“I didn’t know what to expect when I signed here, all I knew was that Giancarlo is one of the most incredible figures in the game,” says Saltalamacchia. “It turns out he’s very quiet, very humble and a workaholic. I think the young players who are in camp look at him and think, ‘that’s the way a big league star is supposed to act.’ That really means something to a developing team.”
Stanton has had a good spring (.350 OB, .961 OPS) as he hones his swing. Tuesday, after the Public Address announcer introduced him as “number 27, Jeff Baker” (are you kidding? The guy’s close to the best player in the history of the franchise), Giancarlo hit a home run that was somewhere between 450 and 475 feet.
Granted, the Jupiter park is a neutral site between the Cardinals and Marlins, but, ok, he’s not Lebron James, but Giancarlo Stanton should be the guy they pay to see. He’s great about the optimism, and, honestly, he doesn’t know what’s going to happen. “How would I know?” he says. “There’s nothing to say right now. There’s no story. I’m playing this season the best way I know. I want us to do well.” He gets asked about being pitched around, and gently says, “let’s let the season play out. Let all of us play.”
In reality, Stanton likes Miami. But he also loves to win. When the Marlins were in Panama, he got a taste of the energy that surrounds the Yankees. “It’s hard when a lot of nights there are less than 10,000 fans in the park and most of them are rooting against us,” says one teammate. “We all know how badly Giancarlo cares. But this franchise has to show it can win, and the city has to get into it.”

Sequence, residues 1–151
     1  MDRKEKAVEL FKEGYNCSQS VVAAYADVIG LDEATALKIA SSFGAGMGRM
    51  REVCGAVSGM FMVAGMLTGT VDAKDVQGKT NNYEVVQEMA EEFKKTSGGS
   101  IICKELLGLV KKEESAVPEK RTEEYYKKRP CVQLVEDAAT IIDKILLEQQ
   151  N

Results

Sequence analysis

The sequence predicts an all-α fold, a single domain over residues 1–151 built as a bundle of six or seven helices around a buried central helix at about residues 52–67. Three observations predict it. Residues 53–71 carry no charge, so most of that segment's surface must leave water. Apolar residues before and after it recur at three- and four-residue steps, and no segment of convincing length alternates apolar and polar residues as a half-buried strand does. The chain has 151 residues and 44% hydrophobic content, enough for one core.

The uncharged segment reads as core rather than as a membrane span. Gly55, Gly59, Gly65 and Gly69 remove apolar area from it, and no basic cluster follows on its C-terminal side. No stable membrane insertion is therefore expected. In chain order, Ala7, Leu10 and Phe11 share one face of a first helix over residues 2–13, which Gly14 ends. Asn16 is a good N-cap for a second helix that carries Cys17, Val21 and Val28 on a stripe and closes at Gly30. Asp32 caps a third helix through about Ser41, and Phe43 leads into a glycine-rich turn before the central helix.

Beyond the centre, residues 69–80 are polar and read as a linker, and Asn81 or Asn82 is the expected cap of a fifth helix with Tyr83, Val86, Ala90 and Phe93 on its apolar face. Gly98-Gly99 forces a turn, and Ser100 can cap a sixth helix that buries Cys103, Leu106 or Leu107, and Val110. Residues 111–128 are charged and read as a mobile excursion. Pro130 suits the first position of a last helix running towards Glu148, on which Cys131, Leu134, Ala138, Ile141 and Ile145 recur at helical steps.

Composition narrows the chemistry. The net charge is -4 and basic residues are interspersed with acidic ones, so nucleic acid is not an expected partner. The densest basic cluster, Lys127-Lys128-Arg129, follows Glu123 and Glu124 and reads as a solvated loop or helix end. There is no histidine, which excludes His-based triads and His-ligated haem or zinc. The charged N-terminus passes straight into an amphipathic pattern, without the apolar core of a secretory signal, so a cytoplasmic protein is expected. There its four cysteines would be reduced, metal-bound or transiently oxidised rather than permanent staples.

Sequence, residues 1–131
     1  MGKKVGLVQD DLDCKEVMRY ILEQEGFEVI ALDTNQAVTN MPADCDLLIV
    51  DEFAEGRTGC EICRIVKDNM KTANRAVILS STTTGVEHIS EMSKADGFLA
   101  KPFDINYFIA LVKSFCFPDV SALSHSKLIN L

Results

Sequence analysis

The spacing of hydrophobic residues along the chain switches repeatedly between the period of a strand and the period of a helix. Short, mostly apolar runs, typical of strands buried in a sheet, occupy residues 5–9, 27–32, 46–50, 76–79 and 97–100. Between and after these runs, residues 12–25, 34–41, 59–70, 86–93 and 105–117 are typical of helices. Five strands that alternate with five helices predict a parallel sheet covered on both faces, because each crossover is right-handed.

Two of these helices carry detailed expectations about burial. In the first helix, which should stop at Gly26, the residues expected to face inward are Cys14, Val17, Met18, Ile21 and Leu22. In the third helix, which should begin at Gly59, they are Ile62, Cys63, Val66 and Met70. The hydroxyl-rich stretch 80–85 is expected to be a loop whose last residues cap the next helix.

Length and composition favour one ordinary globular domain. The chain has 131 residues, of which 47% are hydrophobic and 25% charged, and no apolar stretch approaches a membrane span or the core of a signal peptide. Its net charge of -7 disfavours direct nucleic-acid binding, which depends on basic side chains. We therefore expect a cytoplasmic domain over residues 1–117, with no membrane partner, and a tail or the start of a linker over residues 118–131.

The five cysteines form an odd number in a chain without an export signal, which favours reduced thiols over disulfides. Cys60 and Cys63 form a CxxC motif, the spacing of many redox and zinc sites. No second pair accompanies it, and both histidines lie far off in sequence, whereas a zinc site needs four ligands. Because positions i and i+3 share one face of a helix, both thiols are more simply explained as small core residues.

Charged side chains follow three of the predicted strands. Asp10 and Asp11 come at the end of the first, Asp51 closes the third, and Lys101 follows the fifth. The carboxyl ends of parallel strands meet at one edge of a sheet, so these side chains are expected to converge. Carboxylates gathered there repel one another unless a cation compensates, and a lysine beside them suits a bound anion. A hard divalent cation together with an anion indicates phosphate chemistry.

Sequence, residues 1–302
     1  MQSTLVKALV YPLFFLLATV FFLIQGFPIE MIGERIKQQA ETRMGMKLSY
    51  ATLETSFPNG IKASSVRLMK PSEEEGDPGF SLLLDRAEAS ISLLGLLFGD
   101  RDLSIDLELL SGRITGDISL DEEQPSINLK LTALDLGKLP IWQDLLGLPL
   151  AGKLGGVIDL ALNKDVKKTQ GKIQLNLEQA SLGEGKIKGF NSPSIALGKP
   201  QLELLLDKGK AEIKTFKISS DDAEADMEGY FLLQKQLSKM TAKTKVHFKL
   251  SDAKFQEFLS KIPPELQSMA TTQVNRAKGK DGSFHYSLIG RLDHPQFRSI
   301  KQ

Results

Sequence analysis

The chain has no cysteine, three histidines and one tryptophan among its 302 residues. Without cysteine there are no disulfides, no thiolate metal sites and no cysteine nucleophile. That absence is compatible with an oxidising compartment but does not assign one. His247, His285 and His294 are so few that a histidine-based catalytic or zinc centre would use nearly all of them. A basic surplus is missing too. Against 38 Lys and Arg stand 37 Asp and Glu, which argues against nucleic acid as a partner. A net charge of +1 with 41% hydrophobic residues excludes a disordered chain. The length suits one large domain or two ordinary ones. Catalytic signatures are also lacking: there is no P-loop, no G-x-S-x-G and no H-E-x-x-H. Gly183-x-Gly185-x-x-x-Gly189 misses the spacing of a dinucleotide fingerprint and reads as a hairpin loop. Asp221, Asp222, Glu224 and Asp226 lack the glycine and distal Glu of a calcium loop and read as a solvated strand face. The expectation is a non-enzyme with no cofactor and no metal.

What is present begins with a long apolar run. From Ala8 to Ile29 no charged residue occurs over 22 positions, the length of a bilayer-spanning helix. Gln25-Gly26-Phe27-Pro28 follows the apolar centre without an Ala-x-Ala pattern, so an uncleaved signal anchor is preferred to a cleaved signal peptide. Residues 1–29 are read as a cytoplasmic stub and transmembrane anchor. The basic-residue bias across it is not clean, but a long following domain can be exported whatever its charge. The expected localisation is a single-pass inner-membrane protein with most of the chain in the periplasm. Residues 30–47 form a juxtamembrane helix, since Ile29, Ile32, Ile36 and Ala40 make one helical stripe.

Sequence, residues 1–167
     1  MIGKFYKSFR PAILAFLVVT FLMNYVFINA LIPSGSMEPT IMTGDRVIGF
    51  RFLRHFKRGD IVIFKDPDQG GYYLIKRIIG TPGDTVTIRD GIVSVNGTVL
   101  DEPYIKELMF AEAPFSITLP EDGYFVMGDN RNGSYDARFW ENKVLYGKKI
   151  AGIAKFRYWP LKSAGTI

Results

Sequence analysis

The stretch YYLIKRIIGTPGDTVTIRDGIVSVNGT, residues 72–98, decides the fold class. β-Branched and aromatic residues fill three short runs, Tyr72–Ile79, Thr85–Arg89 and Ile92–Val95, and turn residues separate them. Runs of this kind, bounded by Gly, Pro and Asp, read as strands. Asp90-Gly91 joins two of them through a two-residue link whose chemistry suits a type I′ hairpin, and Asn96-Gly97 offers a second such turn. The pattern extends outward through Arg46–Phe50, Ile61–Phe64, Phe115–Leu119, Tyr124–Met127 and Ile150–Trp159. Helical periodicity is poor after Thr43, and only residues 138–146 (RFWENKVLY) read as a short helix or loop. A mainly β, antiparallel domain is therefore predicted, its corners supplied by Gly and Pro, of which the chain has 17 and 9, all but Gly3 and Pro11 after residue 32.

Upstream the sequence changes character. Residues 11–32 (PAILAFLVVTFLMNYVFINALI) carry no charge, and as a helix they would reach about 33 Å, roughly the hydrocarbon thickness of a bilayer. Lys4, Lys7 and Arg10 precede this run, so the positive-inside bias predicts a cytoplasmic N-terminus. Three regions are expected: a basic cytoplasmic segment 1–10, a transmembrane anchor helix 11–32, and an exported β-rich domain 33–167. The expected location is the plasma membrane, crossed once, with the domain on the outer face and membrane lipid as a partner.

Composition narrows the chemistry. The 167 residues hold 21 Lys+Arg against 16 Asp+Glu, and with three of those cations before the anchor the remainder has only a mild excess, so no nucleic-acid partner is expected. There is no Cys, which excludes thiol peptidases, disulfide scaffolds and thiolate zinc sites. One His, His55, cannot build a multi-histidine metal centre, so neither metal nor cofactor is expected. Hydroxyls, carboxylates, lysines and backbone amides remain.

In a market that has been burned, the fans and the media have to believe in ownership’s authenticity. Can it happen by the first of November? That isn’t in Stanton’s control.
We all know Stanton could have gone to USC as, at worst, a hybrid H-back, with the academics and personal skill sets to have succeeded in any university environment. In many ways, Springer, born seven weeks after Stanton, could have gone the football route. He is 6-2, with explosive speed and agility that traces to his mother’s insistence that he train in gymnastics as a child. The son of a prominent Connecticut attorney, Springer attended Avon Old Farms School—best known for the Juan Nieves/Brian Leetch duo in the 1980s—and the University of Connecticut (where three of his teammates—Matt Barnes, Mike Olt and Nick Ahmed—will also probably play in the big leagues this season). If someone made a movie about the St. Grottlesex New England preppies, Springer could be cast in the lead, or the cover boy for GQ and a Brooks Brothers catalogue. He is soft-spoken, highly intelligent, and scary-skilled.
In his second full pro season, Springer rose to AA, hitting 37 homers and stealing 44 bases. Critics have pointed to his 161 strikeouts. “How about the .411 on base percentage and potential gold glove defense,” mocks one rival pro scouting director. “He can be an impact player for the next eight years.” He will begin the season in the minors because of the Super Two shadow, but Springer gets that.